Barrie Holland: Giving that bit extra
PUBLISHED: 15:18 13 January 2010 | UPDATED: 15:55 20 February 2013
Movie stalwart Barrie Holland has spent the last three decades working with Hollywood's finest. Here he talks to Lucy Dixon
WHEN Barrie Holland landed a part in the 1989 Batman film, alongside Michael Keaton, he didn't have far to travel to work. The interior scenes were shot at Hatfield House, just a few steps away from Barrie's home in Old Hatfield. Originally from Luton, the actor has lived in this beautiful home for 23 years now and loves having Hatfield House on his doorstep. 'I have access to the grounds all year round so I can take long walks whenever I want,' he says. 'I used to enjoy long walks in the winter snow there, and also went tobogganing with my children when they were young. It really is a beautiful estate.'
The name Barrie Holland might not be on the Hollywood Walk of Fame, but the 70-year-old actor has been in many of the biggest films of the last 30 years, appearing with some of the leading names in the industry, from Harrison Ford and Warren Beatty to Mel Gibson and James Cagney.
Although he'd always had dreams of appearing on the big screen, Barrie seemed to have got into acting almost by accident. 'At the age of 23, I was working in the publicity department at Vauxhall in Luton,' he explains. 'I organised photo shoots, booking models and photographers, and found I got on really well with the creative people.' Barrie got to know some of London's leading model agencies and it was only a matter of time until he was signed up as a model himself. 'I loved clothes and fashion and knew how the industry worked, which was a definite advantage,' he chuckles.
Barrie has appeared in films with some of the leading names in the industry, including Harrison Ford, Warren Beatty, Mel Gibson and James Cagney
A successful modelling career led to auditions for film work and Barrie landed his first movie appearance in 1977, a small part in a scene on a yacht in The Greek Tycoon, an Anthony Quinn film. 'I got the job because I turned up for the audition looking the part,' says Barrie with a smile. 'And my wife, also a model, got a part too!' By this time Barrie was married and had started a family, and the film work took off, allowing him to support his son and two daughters.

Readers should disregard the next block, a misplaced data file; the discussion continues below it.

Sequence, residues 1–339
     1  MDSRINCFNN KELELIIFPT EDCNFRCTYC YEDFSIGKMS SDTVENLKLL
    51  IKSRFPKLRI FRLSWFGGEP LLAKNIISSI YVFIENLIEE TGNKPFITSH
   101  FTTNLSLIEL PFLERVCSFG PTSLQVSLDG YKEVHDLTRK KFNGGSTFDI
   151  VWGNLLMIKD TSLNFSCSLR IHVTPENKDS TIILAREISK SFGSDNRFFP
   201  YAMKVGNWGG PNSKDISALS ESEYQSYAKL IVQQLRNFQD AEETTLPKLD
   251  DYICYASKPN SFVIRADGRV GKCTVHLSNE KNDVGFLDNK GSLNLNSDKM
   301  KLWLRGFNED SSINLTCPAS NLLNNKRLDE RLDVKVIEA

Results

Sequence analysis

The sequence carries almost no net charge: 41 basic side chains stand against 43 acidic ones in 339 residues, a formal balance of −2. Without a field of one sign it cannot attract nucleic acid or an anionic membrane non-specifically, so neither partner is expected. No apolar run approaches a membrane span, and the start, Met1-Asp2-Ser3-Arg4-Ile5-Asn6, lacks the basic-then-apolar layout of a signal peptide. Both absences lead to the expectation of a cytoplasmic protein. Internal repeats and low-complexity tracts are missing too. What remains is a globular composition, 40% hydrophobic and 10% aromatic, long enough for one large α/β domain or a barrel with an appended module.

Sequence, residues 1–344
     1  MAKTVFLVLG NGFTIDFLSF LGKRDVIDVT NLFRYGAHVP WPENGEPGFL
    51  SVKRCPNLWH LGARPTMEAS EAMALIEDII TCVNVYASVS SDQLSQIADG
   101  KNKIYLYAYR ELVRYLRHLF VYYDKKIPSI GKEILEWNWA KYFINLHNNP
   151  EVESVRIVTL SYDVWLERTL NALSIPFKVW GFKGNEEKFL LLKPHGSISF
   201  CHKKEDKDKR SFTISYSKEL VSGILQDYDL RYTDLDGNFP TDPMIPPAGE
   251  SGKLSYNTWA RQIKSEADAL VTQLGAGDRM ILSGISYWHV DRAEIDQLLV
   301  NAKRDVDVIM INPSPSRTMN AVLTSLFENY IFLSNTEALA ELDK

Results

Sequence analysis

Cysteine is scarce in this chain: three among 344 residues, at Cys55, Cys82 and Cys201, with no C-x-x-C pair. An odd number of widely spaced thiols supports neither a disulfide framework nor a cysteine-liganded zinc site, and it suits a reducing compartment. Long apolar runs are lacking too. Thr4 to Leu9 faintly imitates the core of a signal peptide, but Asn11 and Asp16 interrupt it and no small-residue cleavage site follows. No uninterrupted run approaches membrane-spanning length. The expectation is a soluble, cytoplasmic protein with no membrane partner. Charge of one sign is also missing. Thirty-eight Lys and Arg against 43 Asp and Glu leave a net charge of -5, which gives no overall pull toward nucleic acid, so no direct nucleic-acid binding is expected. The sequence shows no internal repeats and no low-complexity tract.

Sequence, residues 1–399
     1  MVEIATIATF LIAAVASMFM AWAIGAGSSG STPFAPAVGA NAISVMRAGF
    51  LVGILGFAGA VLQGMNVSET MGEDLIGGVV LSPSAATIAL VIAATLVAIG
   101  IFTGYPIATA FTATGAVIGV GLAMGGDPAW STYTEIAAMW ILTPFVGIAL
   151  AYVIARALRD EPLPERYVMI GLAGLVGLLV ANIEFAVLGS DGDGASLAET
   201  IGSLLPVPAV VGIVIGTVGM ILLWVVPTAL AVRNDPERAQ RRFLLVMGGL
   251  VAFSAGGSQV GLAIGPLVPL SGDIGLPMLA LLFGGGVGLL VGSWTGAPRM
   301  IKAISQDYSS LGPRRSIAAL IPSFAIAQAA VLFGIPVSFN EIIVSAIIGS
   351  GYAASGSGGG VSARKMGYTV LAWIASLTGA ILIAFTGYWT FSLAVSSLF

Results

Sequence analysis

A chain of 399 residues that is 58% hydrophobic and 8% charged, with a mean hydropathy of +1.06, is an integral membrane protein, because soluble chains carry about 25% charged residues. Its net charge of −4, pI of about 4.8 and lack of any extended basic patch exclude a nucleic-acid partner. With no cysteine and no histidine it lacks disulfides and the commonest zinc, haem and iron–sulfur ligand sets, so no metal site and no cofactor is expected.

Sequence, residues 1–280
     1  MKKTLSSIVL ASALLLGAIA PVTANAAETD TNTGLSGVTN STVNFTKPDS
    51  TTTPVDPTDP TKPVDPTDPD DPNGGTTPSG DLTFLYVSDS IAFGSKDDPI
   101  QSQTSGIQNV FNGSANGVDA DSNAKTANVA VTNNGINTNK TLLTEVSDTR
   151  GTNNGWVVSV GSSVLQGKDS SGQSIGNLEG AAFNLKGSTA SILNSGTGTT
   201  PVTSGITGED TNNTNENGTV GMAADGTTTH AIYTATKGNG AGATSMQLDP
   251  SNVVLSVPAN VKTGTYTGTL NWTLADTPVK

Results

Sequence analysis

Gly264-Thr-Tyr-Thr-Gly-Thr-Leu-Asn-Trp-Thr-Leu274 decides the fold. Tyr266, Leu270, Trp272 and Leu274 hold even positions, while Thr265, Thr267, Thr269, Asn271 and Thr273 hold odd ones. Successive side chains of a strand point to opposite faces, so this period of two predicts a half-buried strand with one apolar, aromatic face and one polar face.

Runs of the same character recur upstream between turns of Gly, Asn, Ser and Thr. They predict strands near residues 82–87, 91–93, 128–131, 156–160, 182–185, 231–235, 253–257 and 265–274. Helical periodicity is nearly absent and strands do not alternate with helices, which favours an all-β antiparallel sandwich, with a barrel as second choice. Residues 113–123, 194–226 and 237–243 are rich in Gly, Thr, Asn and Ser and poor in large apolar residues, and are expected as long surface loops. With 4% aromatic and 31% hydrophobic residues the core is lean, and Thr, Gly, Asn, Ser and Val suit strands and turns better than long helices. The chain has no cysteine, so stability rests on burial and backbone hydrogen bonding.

In 1982 Barrie won a part that is, still, the one everyone wants to talk about. 'I got the role of Lieutenant Renz in Return of the Jedi, an Imperial Officer who arrests the rebel forces ruled by Han Solo and Princess Leia.' The scene may only last a few minutes but it took a day and a half of filming to perfect, which Barrie remembers
fondly. 'All the actors involved were wonderful. Harrison Ford is very quiet, but a lovely man. And Carrie Fisher is very nice too.' In this scene, Barrie delivers the line that has gained cult status: 'You rebel scum!' It was this line that was declared the best moment in the film by Empire magazine.
Star Wars continues to play a major part in Barrie's life. Last year he took part in the 30th anniversary celebrations for the film series. 'I've had the time of my life travelling for Star Wars,' says Barrie. 'The anniversary was amazing. I went to the big party in Los Angeles, and there was also a show in London.'
The adoration for Star Wars doesn't seem to be waning and Barrie is loving every minute of it. Along with other actors who had small parts in the films, Barrie is in big demand to attend the many Star Wars events around the world and has attended more than 32 fan shows in the last three years.
Now the anniversary celebrations have finished, Barrie can concentrate on his life in Old Hatfield. One of Barrie's recent projects has been to repaint his hallway, a room that offers visitors a glimpse of the Hollywood magic he has enjoyed during the last three decades. The walls are lined with framed pictures of Barrie's favourite actors, many complete with autographs, and acts as his own wall of fame. Alongside the shots of actors Barrie has worked with are portraits of the Hollywood legends who starred in the films he queued to watch as a teenager. 'I've always loved American films, especially Westerns, and used to go to the Wellington Cinema in Luton. It was pure cinema escapism. I did meet James Cagney,' adds Barrie. 'He was my father's favourite actor and I met him on the set of Ragtime in 1980. He even sent me a picture to give to my dad.' There's a shot of Barrie smiling next to Harrison Ford hanging in the hallway, with the inscription: 'Barrie, YOU REBEL SCUM! Harrison Ford'. It seems a strange jump, from the Vauxhall company in Luton to personal notes from Hollywood's finest. 'It's certainly been a strange life,' laughs Barrie, who has clearly loved every minute of it.